Proponents of a controversial ballot question that would allow a third casino in Maine tout the measure as a way to “say yes to better education and more jobs.”

What it is really about, though, is “gambling, plain and simple,” Gov. Paul LePage said in a radio address released Tuesday.

He said those behind  Question 1 on the Nov. 7 ballot are “not being honest and upfront” and are simply trying to confuse voters into endorsing a proposal that could cripple existing casinos in Oxford and Bangor.

What the ballot question would do is to authorize a new casino somewhere in York County that would share its revenue with veterans, schools, college students and others. The most unusual part of the proposal is that it would allow only one person, Shawn Scott, to apply for a $5 million state license to build the gambling and entertainment facility.

Scott, a gambling kingpin who has operated internationally, secured a referendum win in 2003 to allow slot machines to boost the horse track in Bangor. He sold his stake to Penn National for $51 million, turning a big profit on the deal.

State officials are probing Scott, his sister and others as they explore who funded the $4.3 million initiative that gathered the signatures to require the proposal land on this year’s ballot.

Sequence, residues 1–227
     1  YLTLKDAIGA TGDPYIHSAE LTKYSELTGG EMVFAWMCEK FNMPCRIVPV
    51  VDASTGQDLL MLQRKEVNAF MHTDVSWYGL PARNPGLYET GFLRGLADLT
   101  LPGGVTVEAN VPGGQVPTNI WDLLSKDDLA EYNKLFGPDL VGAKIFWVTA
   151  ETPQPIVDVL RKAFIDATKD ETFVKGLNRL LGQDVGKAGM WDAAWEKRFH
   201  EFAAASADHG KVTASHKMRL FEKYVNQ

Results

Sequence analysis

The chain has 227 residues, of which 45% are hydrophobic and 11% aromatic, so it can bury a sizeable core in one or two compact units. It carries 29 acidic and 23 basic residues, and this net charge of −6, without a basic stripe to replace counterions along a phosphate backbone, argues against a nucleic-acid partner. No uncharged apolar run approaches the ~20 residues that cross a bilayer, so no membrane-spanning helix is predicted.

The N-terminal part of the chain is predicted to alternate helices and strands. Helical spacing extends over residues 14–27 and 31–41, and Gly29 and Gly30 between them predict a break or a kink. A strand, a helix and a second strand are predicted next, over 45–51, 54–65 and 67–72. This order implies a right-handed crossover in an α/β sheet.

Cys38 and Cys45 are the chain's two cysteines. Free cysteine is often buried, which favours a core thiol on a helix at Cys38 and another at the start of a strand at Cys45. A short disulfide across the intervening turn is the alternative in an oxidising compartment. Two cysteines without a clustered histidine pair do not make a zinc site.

“This gambling initiative is not an open or fair process,” LePage said. “In fact, it’s yet another case of big-money, out-of-state interests using Maine voters to get a sweet deal.”

He called it “a phony deal for Maine” and “a stacked deck.”

The governor said that supporters of the casino “are using a bait-and-switch tactic that has nothing to do with funding schools or creating jobs” and called their promises of an economic windfall overblown.

“Our casino market is already saturated,” LePage said. There are also two large casinos under construction in Massachusetts that will surely attract Mainers, he said.

“Opening a casino in York County will not draw new revenue or visitors to the state,” he said. “It will just shift funds away from our existing casinos” and potentially destroy their viability.

Supporters of the new casino, operating under the name Progress for Maine, said LePage “is opposed to a new gaming and entertainment venue given the Republican governor and the GOP’s political action committees have received tens of thousands of dollars from Kentucky-based Churchill Downs and its lobbying arm in Maine.”


The governor “needs to think about Maine first and not his friends in Kentucky, because gaming is a competitive industry and Massachusetts is gearing up to capture as much revenue as possible from neighboring states,” proponents said in a prepared statement.

The measure would increase the number of slot machines allowed in Maine from 3,000 to 4,500. Supporters said the new casino would provide more than 2,000 permanent jobs and contribute nearly $250 million in taxes during its first five years of operation.

LePage urged voters to reject the proposal.

“Once again, Maine’s referendum process has been hijacked by big money, out-of-state interests hoping to pull the wool over your eyes,” he said.

Gov. Paul LePage

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